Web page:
Top up your pension with National Insurance cut

Announced by Chancellor Jeremy Hunt in the November 2023 Autumn Statement, the National Insurance (NI) cuts are now in effect as of 6 January 2024, with further cuts for self-employed taxpayers scheduled to arrive 6 April 2024

For those who can afford it, these cuts to National Insurance rates could present a perfect opportunity to increase your pension over time. A basic-rate taxpayer will in theory see their income rise by up to £62.83 a month, as a result of the NI reduction. If they pay this straight into their pension, it will be worth £78.53 a month because of the 20% tax relief from the Government on contributions. Over time, these contributions could quickly compound into something significant for your future financial security.

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What are National Insurance Contributions?

National Insurance (NI) is an umbrella term for universal health care, unemployment benefits and the public pension program.

National Insurance Contributions (NICs) are a form of tax that employees and employers pay to the Government through payroll deductions. NICs are paid automatically through the PAYE (Pay As You Earn) system, which deducts an amount based on a percentage of your income, and this generally continues until you reach retirement age. Employees are able to make additional voluntary payments to increase the pension amount that they will be entitled to receive. 

NICs are collected in order to fund various state benefits, such as the NHS and state pensions.  

The changes to National Insurance rates

There are three changes to NICs which were announced in the 2023 Autumn Statement. These changes are:

  • A cut in the main rate of NICs paid by employees (‘primary Class 1 NICs’) from 12% to 10%. This rate cut applied from 6 January 2024
  • A cut in the main rate of NICs paid by the self-employed (‘Class 4 NICs’) from 9% to 8%. This rate cut would apply from 6 April 2024.
  • Cancelling the requirement of the self-employed to pay the flat rate NICs charge (‘Class 2 NIC's’), which applies when someone’s annual profit exceeds a set threshold (the ‘lower profits threshold’). This threshold is currently £12,570. This change would take effect from 6 April 2024.

These measures extend and apply to the whole of the UK. All workers earning over the annual national insurance threshold of £12,570 have seen a fall in their national insurance tax bill as of January 2024.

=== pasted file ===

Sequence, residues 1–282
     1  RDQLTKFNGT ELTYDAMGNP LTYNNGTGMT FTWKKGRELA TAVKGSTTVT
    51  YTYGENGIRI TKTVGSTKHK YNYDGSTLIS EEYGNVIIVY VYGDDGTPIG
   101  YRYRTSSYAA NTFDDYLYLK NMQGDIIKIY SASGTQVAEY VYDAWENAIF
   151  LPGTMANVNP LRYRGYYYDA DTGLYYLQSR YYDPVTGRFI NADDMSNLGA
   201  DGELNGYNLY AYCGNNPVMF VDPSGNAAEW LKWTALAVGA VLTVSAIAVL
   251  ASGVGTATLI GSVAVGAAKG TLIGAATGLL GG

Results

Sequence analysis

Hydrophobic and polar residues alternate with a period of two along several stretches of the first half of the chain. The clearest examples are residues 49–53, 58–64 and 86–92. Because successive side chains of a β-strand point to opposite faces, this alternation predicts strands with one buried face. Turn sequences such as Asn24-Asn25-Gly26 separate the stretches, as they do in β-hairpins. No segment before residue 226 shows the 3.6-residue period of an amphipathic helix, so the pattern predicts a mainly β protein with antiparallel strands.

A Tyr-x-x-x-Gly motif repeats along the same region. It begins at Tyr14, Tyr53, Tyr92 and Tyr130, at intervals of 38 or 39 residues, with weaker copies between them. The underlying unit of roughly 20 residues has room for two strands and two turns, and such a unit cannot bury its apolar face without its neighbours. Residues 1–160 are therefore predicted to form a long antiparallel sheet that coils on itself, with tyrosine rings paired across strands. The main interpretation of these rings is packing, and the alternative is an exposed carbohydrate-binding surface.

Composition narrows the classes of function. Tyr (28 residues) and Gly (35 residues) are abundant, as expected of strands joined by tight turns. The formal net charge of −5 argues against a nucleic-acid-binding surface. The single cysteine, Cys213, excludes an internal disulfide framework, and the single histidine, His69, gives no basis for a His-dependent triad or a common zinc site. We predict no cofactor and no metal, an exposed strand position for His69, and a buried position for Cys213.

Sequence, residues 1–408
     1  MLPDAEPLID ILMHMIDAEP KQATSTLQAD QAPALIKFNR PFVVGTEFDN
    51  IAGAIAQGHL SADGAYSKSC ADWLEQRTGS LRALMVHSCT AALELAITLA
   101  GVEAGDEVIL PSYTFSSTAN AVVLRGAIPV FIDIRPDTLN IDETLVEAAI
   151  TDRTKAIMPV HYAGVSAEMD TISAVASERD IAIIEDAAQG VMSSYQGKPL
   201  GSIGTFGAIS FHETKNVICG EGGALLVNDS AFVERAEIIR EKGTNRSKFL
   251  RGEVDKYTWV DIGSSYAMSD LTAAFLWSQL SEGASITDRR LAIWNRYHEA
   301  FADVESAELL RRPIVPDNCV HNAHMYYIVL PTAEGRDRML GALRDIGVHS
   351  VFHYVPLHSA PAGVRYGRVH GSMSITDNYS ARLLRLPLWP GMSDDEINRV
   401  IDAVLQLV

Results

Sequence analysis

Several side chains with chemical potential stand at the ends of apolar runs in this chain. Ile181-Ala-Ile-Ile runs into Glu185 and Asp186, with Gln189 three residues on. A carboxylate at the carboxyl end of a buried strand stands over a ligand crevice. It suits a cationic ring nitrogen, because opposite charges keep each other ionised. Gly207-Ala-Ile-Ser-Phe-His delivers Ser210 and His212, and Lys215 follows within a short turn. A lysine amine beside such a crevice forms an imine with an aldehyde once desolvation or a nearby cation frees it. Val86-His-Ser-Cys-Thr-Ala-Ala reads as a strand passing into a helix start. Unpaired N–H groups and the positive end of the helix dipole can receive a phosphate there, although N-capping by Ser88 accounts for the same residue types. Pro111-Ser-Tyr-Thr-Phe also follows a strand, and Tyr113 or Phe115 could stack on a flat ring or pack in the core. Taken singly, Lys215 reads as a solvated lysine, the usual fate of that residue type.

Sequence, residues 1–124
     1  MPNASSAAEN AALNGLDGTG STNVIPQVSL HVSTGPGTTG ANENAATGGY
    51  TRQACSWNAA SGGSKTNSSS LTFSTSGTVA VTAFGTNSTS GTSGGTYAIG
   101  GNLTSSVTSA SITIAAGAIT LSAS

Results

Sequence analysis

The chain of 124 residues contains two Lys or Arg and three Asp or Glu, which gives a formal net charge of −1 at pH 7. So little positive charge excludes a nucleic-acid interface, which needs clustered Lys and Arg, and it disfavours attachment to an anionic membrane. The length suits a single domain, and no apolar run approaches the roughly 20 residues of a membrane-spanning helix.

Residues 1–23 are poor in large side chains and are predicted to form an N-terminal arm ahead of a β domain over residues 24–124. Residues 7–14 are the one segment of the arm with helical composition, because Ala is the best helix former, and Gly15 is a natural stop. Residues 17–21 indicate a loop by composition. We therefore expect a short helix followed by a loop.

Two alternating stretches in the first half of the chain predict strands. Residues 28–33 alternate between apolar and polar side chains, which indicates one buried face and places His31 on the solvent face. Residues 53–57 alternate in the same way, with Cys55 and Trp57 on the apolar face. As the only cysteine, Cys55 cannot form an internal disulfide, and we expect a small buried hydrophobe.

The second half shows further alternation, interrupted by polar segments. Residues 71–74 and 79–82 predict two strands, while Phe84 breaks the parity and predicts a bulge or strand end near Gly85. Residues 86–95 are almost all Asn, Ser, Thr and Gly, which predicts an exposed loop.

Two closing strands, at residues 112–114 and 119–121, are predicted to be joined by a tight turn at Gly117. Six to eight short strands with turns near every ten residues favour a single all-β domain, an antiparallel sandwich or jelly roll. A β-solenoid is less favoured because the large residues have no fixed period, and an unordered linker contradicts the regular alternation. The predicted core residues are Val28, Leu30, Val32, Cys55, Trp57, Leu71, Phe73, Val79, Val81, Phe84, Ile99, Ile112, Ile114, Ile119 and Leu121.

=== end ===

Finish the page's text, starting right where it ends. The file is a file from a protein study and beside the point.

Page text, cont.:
Annual Salary NIC's in 2021/2022 NIC's in April 2022/23 NIC's in July 2022/2023 NIC's in 2023/2024 NIC's in 2024/2025
£20000 £1,251 £1,340 £984 £892 £743
£30000 £2,451 £2,665 £2,309 £2,092 £1,743
£40000 £3,651 £3,990 £3,634 £3,292 £2,743
£50000 £4,851 £5,315 £4,959 £4,492 £3,743
£60000 £5,078 £5,667 £5,311 £4,719 £3,965
£70000 £5,278 £5,992 £5,636 £4,919 £4,165
£80000 £5,478 £6,317 £5,961 £5,119 £4,365
£90000 £5,678 £6,642 £6,268 £5,319 £4,565
£100000 £5,878 £6,967 £6,611 £5,519 £4,765

Source: Blick Rothenberg

How the NI cut could boost your pension?

We have calculated that a 25-year-old basic-rate taxpayer who works and saves until they are 67 years old could end up with as much as £118,900 extra in their pension pot. And even if you’re later in life, for a 55-year-old the uplift could be an extra £15,405. So still worth it, no matter at what point you start to make the extra saving. Although clearly the younger you are the bigger the increase to your pension pot.

For higher-rate taxpayers, the figures are substantially higher. The original £62.83 contribution turns into £104.72 because of the 40% tax relief they get. This means that, for example, a 25-year-old higher-rate taxpayer could be as much as £158,550 better off by age 67. For a 55-year-old, there could be an extra £20,543.

There are some caveats to these calculations. The figures assumes no further changes to NI contributions and that these pots grow by 5% before any fees are deducted. 

There are also other factors to consider that could increase the final figures such as employers matching or partly matching extra contributions made by employees, resulting in an even bigger pot over time.

Instead of continuing to work until they reach their planned retirement age, if you divert the extra cash into your pension, you could in theory retire from work a few years earlier as an alternative but feasible strategy, giving you more time to enjoy the best years of your retirement.

Due to the NI reduction involving “class 1” contributions made on earnings received by anyone between the age of 16 and state pension age who is getting more than £242 a week from one job, it means that employees now pay 10% on earnings between £242 and £967 a week.

If you’re thinking about your retirement plans, we’re offering anyone a free initial consultation and cash flow analysis worth up to £500 for those with £100 000 or more in pensions, investments and savings to help with retirement planning. Why not get in touch for a free non-committal initial consultation where you can discuss your savings plans with one of our accredited advisers who will be happy to guide you through the process. Alternatively, you can give us a call on 0333 323 9065 to get in touch with a member of our team to find out more.

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This article is intended for general information only, it does not constitute individual advice and should not be used to inform financial decisions.

The information contained within this article is based on our understanding of legislation, whether proposed or in force, and market practice at the time of writing. Levels, bases and reliefs from taxation may be subject to change. 

The Financial Conduct Authority (FCA) does not regulate tax advice.